My sister was marrying white. This was not a surprise to me. Growing up, we mostly had white dolls. (We didn’t like the black ones presented to us by well meaning friends.) We went to school with white people. Our friends who came over to the house for BBQs and parties were white. Even our church was all white. And to be fair to Asha, it had happened in our family before. My mother had married white as well. And to be even fairer, at the last Census, Wyoming was 93.9% white. We fell into the 1.5% that was Other. Neither here nor there. We were used to white people.
But Asha had met her fiancé Tom not here, but far away from Wyoming in New York City, which is 44.7% white. And my mother met my father in Illinois, where they both had been graduate students. So although Asha and I fell into a grey area of being neither white nor Indian, we certainly had the cards stacked against us when it came to white people.
Asha lived in New York City and only came back to Wyoming at most once a year. While home, she spent time marveling at the ease with which you could move from Point A to Point B, the lack of organic food available, and how big everything seemed—from the prairie to the size of steaks that graced her dinner plate. Secretly I think she liked coming home. She liked the mall and how everyone knew us. It also gave her an excuse to eat at the Red Lobster and Applebee’s, since they were some of the nicest restaurants in town. There was a persistent rumor that an Olive Garden was opening, but we had watched for years, and never saw so much as a foundation being poured.
Asha was getting married in two days, and we were days into what she had dubbed on her wedding invitations, “Western Week!” Tonight was a chuckwagon dinner, and everyone had been driven out to a location, then been moved less than a ¼ of a mile in a covered wagon to a campsite. A catering company whose name I never caught but whose logo was a pair of interlocking B’s that looked like a brand served up thick burgers, hot dogs, grilled corn, and chicken that still was pink on the inside. For dessert they gave us cool slices of watermelon.
The whole wedding party plus all the out of town guests were here for this Western extravaganza. Many of them had bought cowboy boots in town earlier in the day. Some of the men sported Western shirts that I felt were being worn in a way that made me unsure of what they were saying about Western life. There was something about snap button shirts paired with thick black horned-rimmed glasses that made me suspicious. Tom’s father had even purchased a hat. A black wool Stetson that made him look like he was going to rob our wagon train at any moment.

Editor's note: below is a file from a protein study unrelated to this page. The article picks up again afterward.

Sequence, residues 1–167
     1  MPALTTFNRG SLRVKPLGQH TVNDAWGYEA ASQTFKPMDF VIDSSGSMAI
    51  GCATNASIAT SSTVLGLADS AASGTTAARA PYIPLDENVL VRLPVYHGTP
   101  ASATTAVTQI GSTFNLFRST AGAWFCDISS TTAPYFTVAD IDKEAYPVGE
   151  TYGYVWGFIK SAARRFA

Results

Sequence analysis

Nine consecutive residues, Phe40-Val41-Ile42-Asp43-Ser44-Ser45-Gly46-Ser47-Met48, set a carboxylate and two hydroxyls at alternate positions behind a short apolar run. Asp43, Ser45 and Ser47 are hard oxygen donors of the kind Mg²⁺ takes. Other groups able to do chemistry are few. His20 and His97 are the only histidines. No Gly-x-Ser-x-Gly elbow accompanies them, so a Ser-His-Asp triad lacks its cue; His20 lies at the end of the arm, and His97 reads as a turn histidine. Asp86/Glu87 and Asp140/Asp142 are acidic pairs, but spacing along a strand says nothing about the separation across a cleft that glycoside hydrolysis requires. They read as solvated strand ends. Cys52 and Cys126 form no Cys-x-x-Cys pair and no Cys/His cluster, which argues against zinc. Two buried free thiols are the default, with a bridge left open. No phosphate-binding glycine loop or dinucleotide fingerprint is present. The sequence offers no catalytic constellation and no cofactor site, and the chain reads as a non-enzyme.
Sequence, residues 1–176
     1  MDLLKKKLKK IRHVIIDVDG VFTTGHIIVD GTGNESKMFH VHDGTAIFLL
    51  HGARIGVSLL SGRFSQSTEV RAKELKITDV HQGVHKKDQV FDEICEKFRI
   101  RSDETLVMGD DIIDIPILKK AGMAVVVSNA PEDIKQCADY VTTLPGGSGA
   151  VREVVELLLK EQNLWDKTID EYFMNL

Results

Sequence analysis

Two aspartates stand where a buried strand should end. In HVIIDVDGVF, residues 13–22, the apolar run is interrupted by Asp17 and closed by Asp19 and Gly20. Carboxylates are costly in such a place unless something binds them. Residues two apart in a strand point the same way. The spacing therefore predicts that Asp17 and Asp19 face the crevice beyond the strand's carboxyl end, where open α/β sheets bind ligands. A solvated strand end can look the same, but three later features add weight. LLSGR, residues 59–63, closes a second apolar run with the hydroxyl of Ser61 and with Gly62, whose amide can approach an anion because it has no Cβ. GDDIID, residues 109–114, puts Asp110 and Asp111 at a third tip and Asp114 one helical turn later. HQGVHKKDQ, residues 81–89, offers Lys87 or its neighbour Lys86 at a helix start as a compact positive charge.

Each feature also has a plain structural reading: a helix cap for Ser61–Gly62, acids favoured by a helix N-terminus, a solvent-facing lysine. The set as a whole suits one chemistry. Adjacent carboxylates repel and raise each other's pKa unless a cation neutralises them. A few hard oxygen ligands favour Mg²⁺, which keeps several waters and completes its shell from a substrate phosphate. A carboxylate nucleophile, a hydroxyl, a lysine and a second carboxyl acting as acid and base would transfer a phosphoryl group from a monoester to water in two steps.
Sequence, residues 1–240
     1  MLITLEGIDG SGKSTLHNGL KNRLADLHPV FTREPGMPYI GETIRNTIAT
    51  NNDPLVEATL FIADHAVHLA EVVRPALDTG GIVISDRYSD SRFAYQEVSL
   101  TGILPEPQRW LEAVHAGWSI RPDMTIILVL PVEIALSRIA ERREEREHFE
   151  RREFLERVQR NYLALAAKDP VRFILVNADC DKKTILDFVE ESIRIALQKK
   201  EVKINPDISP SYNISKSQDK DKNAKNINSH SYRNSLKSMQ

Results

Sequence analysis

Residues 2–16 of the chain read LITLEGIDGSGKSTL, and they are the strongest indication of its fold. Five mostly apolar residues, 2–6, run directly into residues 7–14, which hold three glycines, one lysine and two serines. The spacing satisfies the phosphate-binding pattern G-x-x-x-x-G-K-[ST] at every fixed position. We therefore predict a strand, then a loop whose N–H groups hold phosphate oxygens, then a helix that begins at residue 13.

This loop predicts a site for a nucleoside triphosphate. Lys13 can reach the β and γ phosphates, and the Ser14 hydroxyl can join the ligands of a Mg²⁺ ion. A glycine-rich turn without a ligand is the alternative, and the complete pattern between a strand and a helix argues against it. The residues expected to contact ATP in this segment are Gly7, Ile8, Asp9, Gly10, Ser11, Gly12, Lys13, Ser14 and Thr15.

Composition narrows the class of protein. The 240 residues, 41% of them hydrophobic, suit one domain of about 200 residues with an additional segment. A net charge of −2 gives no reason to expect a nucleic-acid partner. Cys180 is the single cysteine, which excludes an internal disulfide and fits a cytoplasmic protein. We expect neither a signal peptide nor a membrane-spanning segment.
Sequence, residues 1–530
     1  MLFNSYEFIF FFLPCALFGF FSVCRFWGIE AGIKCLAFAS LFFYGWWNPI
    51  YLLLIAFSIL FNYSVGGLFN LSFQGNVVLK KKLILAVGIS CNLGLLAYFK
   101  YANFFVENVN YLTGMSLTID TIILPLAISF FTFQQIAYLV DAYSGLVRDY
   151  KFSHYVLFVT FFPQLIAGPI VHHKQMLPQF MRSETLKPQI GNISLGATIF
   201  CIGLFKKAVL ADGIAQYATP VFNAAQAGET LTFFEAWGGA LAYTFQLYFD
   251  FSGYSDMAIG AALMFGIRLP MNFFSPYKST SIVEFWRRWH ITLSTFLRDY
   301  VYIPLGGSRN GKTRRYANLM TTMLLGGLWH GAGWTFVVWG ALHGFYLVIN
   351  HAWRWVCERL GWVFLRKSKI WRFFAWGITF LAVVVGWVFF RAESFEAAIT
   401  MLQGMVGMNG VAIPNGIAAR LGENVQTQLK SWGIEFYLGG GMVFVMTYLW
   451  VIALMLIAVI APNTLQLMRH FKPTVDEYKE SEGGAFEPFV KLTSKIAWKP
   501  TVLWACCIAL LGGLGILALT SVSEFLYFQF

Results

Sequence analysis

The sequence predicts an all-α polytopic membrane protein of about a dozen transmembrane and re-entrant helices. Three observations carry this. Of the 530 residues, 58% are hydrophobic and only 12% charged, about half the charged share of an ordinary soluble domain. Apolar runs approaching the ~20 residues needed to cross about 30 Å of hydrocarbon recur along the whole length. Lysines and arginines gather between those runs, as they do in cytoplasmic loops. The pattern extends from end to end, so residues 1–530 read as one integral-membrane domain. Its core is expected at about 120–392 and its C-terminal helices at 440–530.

Only my dad and I held back. We both kicked at the campfire and hoped the fire pit was deep and well made. We’d had a wicked summer of wildfires.
When the dinner was done, a man hired to look like a cowboy stepped in front of the fire. He had a handlebar mustache and a red bandana around his neck. He wore boots and a stained hat. I’d seen him out before at the bar that I frequented with my friends Valentine and Amy. I knew he actually worked for the post office. I had seen him do karaoke in his postal uniform. He blew into a pitch pipe and then began to sing:
Some trails are happy ones, Others are blue. It’s the way you ride the trail that counts, Here’s a happy one for you.
He then informed us it was time to circle the wagons, and we all piled back in for the short ride home.
I lived with my father in a house near the bottom of Casper Mountain. Our house mostly looked onto other houses, but we could see the mountain. In the fall, aspens turned and appeared like a yellow bruise on the mountain’s green-brown face.
My father and I had come to a sort of routine over the past two years. I woke early and just before 5 am, I’d make coffee for him. Then I would get ready to go to the coffee shop. Sometimes I would make him a lunch if he was in town, and leave it on the counter in an insulated bag. I liked driving through town when almost no one else was up. I’d get to the coffee shop and turn on the machines and start brewing large airpots of coffee. By 6 am, everything would be ready, and the stream of regulars would come in. For some people, I’d start making their drinks the minute I saw their car pull up outside. Even with the altitude, I could make the milk in a cappuccino foam into stiff white peaks.
By 9 am, the store would have slowed down, with most people settled into their desks at work, paper cups full of coffee and sickly sweet lattes in their hands. Right after 9, a group of geologists came in. They were all older men, but not quite at retirement. They had been through boom, then bust, now boom again. They had earned it to sit and drink $1 coffees and to talk shop. If the store was quiet, I would make a coffee and sit with them. With what happened with my mother, I’d earned the right to sit at their table. To listen. We all had war stories around that table. We’d all had loss.
When Asha first mentioned getting married in Wyoming, I laughed.
“Get married in New York,” I said. “That’s where all your friends are.”